Yesterday, I made a tongue-in-cheek prediction that Republicans across Wisconsin would be calling in sick so they could go down to Milwaukee to protest President Obama's appearance at Master Lock. Little did I know that Governor Scott Walker would be a Republican that would actually follow through on the idea.
Much was made on Tuesday about how the Governor was going to meet with the President and appear with him at Master Lock. Then Wednesday morning, Walker's office announced that he had come down with the stomach flu--and would not be meeting with the President. That was then clarified to state that the Governor would meet the President at the airport and give him a personalized Brewers jersey--but not accompany him on the trip to the plant. Apparently, a couple dozen protesters missed that memo as they showed up at Master Lock with "recall Walker" signs.
The whole thing got me thinking about sick days. I have taken exactly one and a half sick days since I started working at the age of 16. One of those was when I had the chicken pox in high school and my boss at the restaurant didn't want me anywhere near there. The half-day came when I literally got sick--mid-story on the air--in the radio studio up in Marinette-Menominee. That's it--23-years of work--one and half sick days.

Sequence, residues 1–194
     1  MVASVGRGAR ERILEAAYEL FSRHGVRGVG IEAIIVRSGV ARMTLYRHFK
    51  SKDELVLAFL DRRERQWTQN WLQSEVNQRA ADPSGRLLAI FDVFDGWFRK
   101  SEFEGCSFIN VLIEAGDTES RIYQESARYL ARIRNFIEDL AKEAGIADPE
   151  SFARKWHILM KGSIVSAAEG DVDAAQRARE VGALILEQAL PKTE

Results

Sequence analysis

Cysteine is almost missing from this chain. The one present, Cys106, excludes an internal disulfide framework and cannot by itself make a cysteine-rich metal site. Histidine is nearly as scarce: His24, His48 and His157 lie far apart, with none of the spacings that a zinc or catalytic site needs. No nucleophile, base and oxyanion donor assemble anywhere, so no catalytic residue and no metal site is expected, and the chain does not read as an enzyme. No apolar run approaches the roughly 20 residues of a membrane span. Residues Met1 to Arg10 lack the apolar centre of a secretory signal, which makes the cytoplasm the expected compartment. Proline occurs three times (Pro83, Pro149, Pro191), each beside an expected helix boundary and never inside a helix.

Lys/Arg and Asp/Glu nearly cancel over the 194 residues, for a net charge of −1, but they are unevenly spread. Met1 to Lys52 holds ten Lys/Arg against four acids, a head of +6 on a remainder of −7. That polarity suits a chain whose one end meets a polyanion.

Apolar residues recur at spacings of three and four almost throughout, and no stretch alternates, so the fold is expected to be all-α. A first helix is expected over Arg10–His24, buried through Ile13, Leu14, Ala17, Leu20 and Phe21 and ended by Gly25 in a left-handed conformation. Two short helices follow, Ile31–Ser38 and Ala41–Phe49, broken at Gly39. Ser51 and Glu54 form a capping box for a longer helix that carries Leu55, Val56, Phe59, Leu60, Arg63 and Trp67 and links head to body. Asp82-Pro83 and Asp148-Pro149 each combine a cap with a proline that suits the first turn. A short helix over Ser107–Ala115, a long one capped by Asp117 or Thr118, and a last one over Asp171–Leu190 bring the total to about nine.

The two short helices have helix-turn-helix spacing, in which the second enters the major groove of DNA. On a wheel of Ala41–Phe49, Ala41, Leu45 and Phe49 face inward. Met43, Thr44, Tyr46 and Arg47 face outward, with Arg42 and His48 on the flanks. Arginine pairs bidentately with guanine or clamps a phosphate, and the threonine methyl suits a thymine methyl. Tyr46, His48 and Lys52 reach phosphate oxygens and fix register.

I'm lucky in that I hardly ever get sick. But when I do, I still feel like I'm obligated to put in the best effort that I can on that day. A lot of it deals with guilt--thinking that I am putting an even greater burden on my already over-stretched co-workers to not only get their work done--but then do some of mine as well. It could also be the "Wally Pipp/Lou Gehrig syndrome" where you fear that if you miss a day, your replacement will have the job forever after that.
On the flip side, I know people who use every single sick day to which they are entitled--every single year. I am amazed by their body's "regularity" in always getting too ill to work the maximum number of times it is allowed--without costing that person any money. And just as amazingly, once those sick days are used up in say, November--those December "head colds" and "upset stomachs" are just tolerable enough to still come to work--and then complain to everyone in the entire office about just how terrible they feel, but they don't have any sick days left to take.
I can't really blame the "sick to the max" crowd for taking advantage of the system. I work in a private-sector environment--meaning we don't get to carryover our sick time from year to year. We use it or lose it (same with our paid vacation days as well). Plus, we don't get payout for unused sick time that we accrue over the years--so there isn't that added bonus for just showing up every day when it comes time to leave the company (by choice or by force).
So here's to those of us who always find a way to get to work. May our "amazing" good health and work ethic continue.